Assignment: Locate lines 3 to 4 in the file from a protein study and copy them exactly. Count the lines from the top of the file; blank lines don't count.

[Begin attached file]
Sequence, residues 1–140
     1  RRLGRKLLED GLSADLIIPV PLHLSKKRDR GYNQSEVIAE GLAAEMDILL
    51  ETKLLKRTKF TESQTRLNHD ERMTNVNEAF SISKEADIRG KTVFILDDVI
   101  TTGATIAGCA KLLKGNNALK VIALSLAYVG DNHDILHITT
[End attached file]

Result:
    51  ETKLLKRTKF TESQTRLNHD ERMTNVNEAF SISKEADIRG KTVFILDDVI
   101  TTGATIAGCA KLLKGNNALK VIALSLAYVG DNHDILHITT